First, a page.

•   it(&quot;should contain 'S' as the text of the first span&quot;, function(){
    •     expect($('.fancy_title > span:first').text()).toEqual('S');
    •   });
    • });
    • describe(&quot;Lettering&quot;, function(){
    •   beforeEach(function(){
    •     //loadFixtures('myfixture.html');
    •     setFixtures('<h1 class=&quot;fancy_title&quot;>Some Title</h1>');
    •     $('.fancy_title').lettering();
    •   });
    •   it(&quot;should be visible&quot;, function() {
    •     expect($('.fancy_title')).toBeVisible();
    •   });
    •   it(&quot;should have 10 spans&quot;, function(){
    •     expect($('.fancy_title > span').length).toEqual(10);
    •   });
    •   it(&quot;should contain 'S' as the text of the first span&quot;, function(){
    •     expect($('.fancy_title > span:first').text()).toEqual('S');
    •   });
    •   it(&quot;should have a class of 'char1' on the first span&quot;, function(){
    •     expect($('.fancy_title > span:first')).toHaveClass('char1');
    •   });
    • });
  • Jasmine with Rails gem &quot;jasmine&quot;  $ bundle install $ jasmine init (optional) $ rake jasmine or  $ rake jasmine:ci http://localhost:8888
  • Generated Rails spec folder
  • Generated default javascript objects
  • $ rake jasmine 
  •  
  • $ gem install evergreen
  • gem install evergreen
  • Evergreen default folder paths  (not generated)
  • $ evergreen serve
  • $ evergreen run
  • Evergreen and Rails 3
    • gem 'evergreen', :require => evergreen/rails'localhost:3000/evergreen
    • rake spec:javascripts
  • What about CoffeeScript???
  • Installing CoffeeScript
    • brew install node.js (then add to PATH, NODE_PATH)
    • curl http://npmjs.org/install.sh | sh
    • npm install -g coffee-script
  • Add  a &quot;_spec.coffee&quot; file
    • require('/calculator.js')
    • describe 'Calculator', ->
    •   beforeEach ->
    •     @calc = new Calculator
    •   it 'should return the sum', ->
    •     expect(@calc.Add(1,1)).toEqual(2)
    • require('/calculator.js')
    • describe 'Calculator', ->
    •   beforeEach ->
    •     @calc = new Calculator
    •   it 'should return the sum', ->
    •     expect(@calc.Add(1,1)).toEqual(2)
    • require('/calculator.js')
    • describe 'Calculator', ->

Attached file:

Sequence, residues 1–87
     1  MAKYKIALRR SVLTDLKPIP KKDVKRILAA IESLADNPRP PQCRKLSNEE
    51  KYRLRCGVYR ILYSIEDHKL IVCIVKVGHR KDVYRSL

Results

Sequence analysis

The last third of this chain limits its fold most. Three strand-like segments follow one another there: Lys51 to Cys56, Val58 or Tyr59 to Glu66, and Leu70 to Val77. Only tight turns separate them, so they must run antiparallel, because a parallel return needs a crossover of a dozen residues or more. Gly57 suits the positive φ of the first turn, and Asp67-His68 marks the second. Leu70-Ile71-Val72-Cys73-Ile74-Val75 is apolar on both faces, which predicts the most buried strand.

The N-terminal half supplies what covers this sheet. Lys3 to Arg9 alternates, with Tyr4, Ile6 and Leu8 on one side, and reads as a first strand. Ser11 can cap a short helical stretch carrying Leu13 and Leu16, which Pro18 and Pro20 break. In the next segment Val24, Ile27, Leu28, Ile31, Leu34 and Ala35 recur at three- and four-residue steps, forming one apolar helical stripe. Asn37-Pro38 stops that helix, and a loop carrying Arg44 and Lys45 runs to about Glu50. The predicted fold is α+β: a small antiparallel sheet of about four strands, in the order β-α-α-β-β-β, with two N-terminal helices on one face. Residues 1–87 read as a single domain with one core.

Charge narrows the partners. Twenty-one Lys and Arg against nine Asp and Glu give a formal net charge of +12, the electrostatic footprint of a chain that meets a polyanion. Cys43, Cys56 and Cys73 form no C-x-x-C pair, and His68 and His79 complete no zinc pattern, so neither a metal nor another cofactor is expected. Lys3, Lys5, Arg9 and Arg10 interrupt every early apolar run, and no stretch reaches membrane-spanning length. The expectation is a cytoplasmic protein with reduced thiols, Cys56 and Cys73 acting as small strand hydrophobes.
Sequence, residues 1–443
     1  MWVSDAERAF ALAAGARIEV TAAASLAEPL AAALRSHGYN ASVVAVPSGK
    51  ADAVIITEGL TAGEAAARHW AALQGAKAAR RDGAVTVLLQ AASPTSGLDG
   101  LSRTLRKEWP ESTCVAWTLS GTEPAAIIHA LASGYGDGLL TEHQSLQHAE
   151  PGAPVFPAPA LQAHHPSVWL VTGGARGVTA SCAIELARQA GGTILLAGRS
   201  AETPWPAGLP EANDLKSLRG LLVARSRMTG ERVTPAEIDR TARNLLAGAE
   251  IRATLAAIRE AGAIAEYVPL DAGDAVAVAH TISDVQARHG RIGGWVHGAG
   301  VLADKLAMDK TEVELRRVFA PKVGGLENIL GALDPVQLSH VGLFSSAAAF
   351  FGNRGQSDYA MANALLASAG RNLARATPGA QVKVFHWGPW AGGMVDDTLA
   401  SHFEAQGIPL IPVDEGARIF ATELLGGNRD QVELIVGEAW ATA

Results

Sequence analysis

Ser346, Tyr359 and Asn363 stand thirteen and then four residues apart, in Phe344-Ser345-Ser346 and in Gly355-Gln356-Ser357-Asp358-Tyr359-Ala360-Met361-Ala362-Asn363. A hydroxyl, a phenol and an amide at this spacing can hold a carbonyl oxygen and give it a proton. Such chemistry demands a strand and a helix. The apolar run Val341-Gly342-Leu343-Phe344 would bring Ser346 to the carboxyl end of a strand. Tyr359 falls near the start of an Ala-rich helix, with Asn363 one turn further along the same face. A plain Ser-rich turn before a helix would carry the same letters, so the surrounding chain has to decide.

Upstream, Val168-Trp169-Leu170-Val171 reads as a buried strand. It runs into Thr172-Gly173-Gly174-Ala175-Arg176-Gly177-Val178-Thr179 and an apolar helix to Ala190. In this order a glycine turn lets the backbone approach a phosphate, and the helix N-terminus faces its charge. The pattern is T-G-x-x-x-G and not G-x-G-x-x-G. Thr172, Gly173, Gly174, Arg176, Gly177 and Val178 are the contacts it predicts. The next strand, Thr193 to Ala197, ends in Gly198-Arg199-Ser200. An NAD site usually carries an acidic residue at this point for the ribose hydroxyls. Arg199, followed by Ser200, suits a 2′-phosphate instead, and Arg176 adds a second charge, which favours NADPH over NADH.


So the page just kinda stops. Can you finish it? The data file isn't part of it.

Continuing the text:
•   beforeEach ->
    •     @calc = new Calculator
    •   it 'should return the sum', ->
    •     expect(@calc.Add(1,1)).toEqual(2)
  • #winning
  •  
  • Headless Browser Install
    • - Download and install Qt 4.7+ binary package
    • - gem install capybara-webkit -v=1.0.0.beta4
    • - create &quot;config/evergreen.rb&quot;
  • Configure Evergreen
    • require 'capybara-webkit'
    • Evergreen.configure do |config|
    •   #config.driver = :selenium
    •   config.driver = :webkit
    •   config.public_dir = 'public'
    •   config.spec_dir = 'spec/javascripts'
    • end
  • Using a Headless Browser
    • #selenium
    • Finished in 3.92 seconds
    • 2 examples, 0 failures
    • #webkit
    • Finished in 1.05 seconds
    • 2 examples, 0 failures
  • Node.js + Jasmine
    • &quot;jasmine-node&quot;
  • Any other cool utilities?
  • Rosie
    • &quot; Rosie is a factory for building JavaScript objects, mostly useful for setting up test data. It is inspired by  factory_girl . &quot;
    • https://github.com/bkeepers/rosie
  • Summer Breeze
    • &quot; Summer Breeze is a tool for generating fixture DOM output for Jasmine JavaScript tests directly from your Rails Views with a simple DSL for specifying fixtures &quot;
    • https://github.com/noelrappin/summer_breeze
  • jasminerice
    • &quot;Pain free coffeescript testing under Rails 3.1&quot;
    • https://github.com/bradphelan/jasminerice
  • http://try-jasmine.heroku.com
  • Wrap Up
    • 1. Unit testing is important
    • 2. Javascript can and should be unit tested
    • 3. Jasmine is easy to setup and use
  •  
  • Thank You! @timtyrrell Questions? Did I miss any cool plugins? http://bit.ly/jasmine-lsrc http://spkr8.com/t/7818
  • http://pivotal.github.com/jasmine/ https://github.com/jnicklas/evergreen https://github.com/velesin/jasmine-jquery https://github.com/thoughtbot/capybara-webkit http://obtiva.com/blog/112-javascript-specs-with-jasmine-a-primer-for-rubyists-part-1 http://obtiva.com/blog/119 http://daverupert.com/2010/09/lettering-js/ http://www.engineyard.com/university/screencasts/javascript-tests-with-jasmine http://blog.levid.com/?p=29 http://blog.carbonfive.com/2010/10/21/rspec-best-practices/ https://github.com/johnbintz/guard-jasmine-headless-webkit References: